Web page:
Clearinghouse Certificates during the Great Depression: A Non-example of “Unaccounted Money”
By Clifford F. Thies Eldon R. Lindsey
Chair of Free Enterprise Professor of Economics and Finance at Shenandoah University
According to Paul Krugman (1999, 8–11), a contributing cause to a depression is hoarding. Because of hoarding, the government should issue massive amounts of money to prevent recessions from turning into depressions. But, why must the government do this? Why can’t the private sector issue money during an emergency? At one level, the answer is easy: the government has monopolized money and prohibits the private sector from issuing money during an emergency. At another level, the answer is complicated.
Relying on numismatic sources, Richard Timberlake (1981, 860) demonstrated that the private sector repeatedly issued massive amounts of money during the hard times of the early to mid-nineteenth century. While there appears to have been some number of issues throughout the period, private, non-bank issues of money mostly appeared during certain times (1814–17, 1837–40, 1857–58, and 1862–64). Timberlake describes this money as “unaccounted.” Subsequent research has documented other instances of unaccounted money including Michigan when the state was nearly without banks (Baily, Hossain and Pecquet 2018), and New Orleans when it was occupied by northern troops during the Civil War (Pecquet and Thies 2010). During the National Bank Era, clearinghouse associations took the lead in issuing money during financial crises (Dwyer and Gilbert 1989, Gorton 1985). So why was there no clearinghouse money during the Great Depression of the 1930s?
In 1999, when Krugman wrote The Return of Depression Economics, it was received strangely. It was a thin book, written in large type, short on economics and long on story-telling. Supposedly, it was about Japan’s “lost decade,” when—according to Krugman—they had not increased their national debt enough. Yet, Japan’s national debt had grown to 200 percent of GDP. Krugman updated the book, The Return of Depression Economics and the Crisis of 2008 (2008). In the update, his concern was that the U.S., with a budget deficit of 12 percent of GDP, was not adding to its national debt fast enough.
To illustrate the problem of hoarding, Krugman used the example of the Capitol Hill Baby-Sitting Co-op of Washington, D.C., of the 1970s. As Krugman describes this co-op, it consisted of lawyers and other such well-heeled persons who decided that, instead of hiring baby-sitters, they would take turns baby-sitting each others’ children. The co-op required that its members only obtain baby-sitting services from each other, and use chits distributed by the co-op for the service. But, the members of the co-op hoarded the chits they had (in order to have them available when they really needed baby-sitting services), rather than use them freely in order to go out. And, since few people were purchasing baby-sitting services, nobody could be sure of acquiring chits through the offer of baby-sitting services, which only served to reinforce the urge to hoard chits.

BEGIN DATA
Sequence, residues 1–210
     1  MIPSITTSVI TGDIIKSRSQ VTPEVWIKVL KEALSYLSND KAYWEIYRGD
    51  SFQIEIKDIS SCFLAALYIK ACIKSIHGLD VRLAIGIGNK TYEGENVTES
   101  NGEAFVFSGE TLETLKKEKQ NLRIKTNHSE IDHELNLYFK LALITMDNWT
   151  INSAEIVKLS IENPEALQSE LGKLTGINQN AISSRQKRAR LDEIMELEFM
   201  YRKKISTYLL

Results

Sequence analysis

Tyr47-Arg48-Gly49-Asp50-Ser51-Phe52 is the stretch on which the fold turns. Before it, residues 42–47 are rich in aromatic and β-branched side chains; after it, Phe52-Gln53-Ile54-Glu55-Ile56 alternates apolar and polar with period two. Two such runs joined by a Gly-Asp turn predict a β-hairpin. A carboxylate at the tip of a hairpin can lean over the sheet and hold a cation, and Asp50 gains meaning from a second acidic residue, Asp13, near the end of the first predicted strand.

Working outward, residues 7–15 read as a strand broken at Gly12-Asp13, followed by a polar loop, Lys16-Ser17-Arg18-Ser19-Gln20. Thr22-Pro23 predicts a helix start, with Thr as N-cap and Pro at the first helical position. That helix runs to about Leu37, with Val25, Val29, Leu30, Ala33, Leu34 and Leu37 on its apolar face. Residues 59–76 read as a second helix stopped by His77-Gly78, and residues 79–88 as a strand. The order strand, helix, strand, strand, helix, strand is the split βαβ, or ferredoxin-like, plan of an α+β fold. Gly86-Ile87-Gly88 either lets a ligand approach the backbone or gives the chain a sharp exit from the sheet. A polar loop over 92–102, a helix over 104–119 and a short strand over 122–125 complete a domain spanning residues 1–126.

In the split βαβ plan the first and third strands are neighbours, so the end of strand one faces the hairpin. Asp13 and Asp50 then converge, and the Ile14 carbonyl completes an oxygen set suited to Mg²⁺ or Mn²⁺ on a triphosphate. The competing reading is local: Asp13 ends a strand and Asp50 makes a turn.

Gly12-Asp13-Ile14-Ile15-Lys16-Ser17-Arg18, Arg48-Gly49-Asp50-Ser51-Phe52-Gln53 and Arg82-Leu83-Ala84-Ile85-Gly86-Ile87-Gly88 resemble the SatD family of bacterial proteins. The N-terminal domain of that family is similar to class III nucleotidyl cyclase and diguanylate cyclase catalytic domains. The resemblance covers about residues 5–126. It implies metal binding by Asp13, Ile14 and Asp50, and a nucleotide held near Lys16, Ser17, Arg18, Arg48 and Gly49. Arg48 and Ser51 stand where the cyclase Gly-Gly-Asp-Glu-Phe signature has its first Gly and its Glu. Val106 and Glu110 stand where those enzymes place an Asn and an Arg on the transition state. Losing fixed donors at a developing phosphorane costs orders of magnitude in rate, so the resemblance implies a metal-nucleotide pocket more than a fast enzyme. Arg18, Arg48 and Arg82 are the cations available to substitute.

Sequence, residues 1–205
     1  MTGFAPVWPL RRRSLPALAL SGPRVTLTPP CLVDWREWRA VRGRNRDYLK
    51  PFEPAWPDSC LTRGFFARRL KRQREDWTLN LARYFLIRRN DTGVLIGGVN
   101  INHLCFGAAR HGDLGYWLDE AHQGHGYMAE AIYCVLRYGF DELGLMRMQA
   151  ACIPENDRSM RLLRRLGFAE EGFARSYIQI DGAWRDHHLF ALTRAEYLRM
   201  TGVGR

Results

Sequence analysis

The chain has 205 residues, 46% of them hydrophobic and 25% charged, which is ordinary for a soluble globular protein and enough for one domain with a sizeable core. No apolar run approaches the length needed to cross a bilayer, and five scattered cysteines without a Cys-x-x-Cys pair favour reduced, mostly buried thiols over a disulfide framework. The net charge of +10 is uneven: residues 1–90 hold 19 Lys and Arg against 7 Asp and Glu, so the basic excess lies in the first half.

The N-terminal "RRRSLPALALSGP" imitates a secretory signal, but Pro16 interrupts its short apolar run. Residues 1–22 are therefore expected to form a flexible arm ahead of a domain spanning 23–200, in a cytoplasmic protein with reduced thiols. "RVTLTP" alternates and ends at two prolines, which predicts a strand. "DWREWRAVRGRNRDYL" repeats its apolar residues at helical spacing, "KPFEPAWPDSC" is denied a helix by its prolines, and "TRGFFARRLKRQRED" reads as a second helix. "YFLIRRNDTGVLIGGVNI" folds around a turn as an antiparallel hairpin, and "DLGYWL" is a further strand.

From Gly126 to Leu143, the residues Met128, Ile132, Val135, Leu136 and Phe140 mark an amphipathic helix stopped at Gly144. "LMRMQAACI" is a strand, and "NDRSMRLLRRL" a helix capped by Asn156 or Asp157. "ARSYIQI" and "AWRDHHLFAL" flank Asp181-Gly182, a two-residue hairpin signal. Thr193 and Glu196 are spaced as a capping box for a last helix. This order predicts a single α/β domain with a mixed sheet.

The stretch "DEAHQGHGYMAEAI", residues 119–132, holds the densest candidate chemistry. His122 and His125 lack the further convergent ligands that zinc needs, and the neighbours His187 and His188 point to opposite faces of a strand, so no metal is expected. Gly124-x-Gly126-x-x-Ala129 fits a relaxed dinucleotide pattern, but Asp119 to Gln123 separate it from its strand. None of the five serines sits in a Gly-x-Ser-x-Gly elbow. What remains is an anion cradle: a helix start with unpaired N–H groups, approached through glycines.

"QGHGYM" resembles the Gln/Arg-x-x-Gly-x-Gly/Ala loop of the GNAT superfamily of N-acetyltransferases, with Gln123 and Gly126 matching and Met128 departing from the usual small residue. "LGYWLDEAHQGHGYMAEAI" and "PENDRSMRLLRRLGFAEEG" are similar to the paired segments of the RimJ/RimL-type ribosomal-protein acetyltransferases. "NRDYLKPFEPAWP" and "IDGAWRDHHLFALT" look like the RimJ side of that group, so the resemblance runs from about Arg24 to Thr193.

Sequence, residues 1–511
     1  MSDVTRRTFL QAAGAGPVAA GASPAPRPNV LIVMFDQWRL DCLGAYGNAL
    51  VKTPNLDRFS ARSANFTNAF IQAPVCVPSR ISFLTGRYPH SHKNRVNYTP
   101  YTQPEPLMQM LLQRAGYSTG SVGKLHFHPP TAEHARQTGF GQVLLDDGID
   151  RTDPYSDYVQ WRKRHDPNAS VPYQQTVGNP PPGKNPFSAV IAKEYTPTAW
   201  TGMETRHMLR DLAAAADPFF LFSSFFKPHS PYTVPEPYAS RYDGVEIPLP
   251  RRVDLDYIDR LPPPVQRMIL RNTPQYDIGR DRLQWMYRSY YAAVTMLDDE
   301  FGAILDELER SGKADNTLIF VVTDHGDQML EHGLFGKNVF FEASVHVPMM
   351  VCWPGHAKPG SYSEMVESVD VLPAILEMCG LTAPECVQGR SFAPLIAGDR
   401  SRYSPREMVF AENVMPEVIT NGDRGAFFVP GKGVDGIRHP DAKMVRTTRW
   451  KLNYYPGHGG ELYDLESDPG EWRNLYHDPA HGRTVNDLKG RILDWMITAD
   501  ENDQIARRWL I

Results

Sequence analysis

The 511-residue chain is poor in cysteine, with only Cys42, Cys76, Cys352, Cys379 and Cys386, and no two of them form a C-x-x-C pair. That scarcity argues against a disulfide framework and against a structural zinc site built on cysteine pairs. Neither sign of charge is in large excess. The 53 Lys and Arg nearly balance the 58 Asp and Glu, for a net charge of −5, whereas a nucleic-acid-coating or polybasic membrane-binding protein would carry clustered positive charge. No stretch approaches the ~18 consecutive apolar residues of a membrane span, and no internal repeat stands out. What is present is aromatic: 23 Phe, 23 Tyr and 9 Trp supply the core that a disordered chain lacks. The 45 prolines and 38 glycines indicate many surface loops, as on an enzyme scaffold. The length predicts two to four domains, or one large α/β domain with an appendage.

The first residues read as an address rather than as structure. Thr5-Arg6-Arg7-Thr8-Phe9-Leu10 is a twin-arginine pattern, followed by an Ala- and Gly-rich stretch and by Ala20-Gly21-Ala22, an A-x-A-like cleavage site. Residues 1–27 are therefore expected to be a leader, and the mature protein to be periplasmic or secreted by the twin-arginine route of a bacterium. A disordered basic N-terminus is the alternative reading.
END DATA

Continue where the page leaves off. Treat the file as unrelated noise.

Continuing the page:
After trying various New Deal-type “solutions” to the hoarding problem, such as requiring members to go out at least twice a month, the Co-op happened upon the idea of distributing more chits. The additional chits allayed members’ concerns that had led to the hoarding problem, and the market in baby-sitting services picked up.
What does Krugman’s story of the hoarding of baby-sitting chits have to do with depressions? During depressions, people lose confidence in their ability to earn money by offering their labor and other productive services. They therefore seek to build up cash reserves, i.e., to “hoard money.” But, the Keynesian story goes, the hoarding of money lowers the demand for labor and other productive services, resulting in a further loss of confidence, and intensifying the urge to hoard.
Other examples of hoarding come readily to mind. During the coronavirus panic of 2020, there was a run on toilet paper. Because people were not confident in future supplies of the item, they rushed to buy it, and emptied the shelves. Voila! stores ran out of toilet paper, just as panicked shoppers feared. But the shortage was only temporary, and the supply chain quickly restored retail inventories.
Throughout most of the world, replacement kidneys are in short supply as most people “hoard” their extra kidney not being confident of being able to obtain a replacement kidney if the need should arise. But not in Iran, where the authorities allow an internal market in kidneys. In that country, replacement kidneys are in good supply (Fry-Revere 2014).
In 1834, in conjunction with the failure of one bank (the Bank of Maryland) and rumors about others, there was a run on the banks of Baltimore. People lined up at banks to demand their specie (Niles’ Reporter, March 29, 1834). But, as the day wore on, those in line saw others leaving their banks with their bags and wheelbarrows heavy with coins, and—their fears allayed—people began leaving the line. Later in the day, some who had earlier gotten their specie were returning their coins to their banks. Accordingly, there was no general suspension.
Each of these examples indicates that a government intervention is not always needed to solve a hoarding problem (interpreting allowing a market in Iran as reduced involvement by government). Even the example cited by Krugman was resolved by the Baby-Sitting Co-op without a government intervention.
There is more to what is called the “hoarding” of money than the impact of income uncertainty on what the Keynesians call aggregate demand.1 Historically, times of hoarding were times of bank suspensions and of runs on the bank, and sometimes they were also times of uncertainty regarding the gold standard and runs on the dollar.2